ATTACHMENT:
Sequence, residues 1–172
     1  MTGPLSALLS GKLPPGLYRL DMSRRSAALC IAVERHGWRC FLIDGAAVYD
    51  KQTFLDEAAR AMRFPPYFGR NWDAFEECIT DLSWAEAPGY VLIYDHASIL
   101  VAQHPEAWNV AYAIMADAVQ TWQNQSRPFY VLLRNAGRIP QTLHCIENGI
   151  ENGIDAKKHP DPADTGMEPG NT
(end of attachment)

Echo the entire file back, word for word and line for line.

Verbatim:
Sequence, residues 1–172
     1  MTGPLSALLS GKLPPGLYRL DMSRRSAALC IAVERHGWRC FLIDGAAVYD
    51  KQTFLDEAAR AMRFPPYFGR NWDAFEECIT DLSWAEAPGY VLIYDHASIL
   101  VAQHPEAWNV AYAIMADAVQ TWQNQSRPFY VLLRNAGRIP QTLHCIENGI
   151  ENGIDAKKHP DPADTGMEPG NT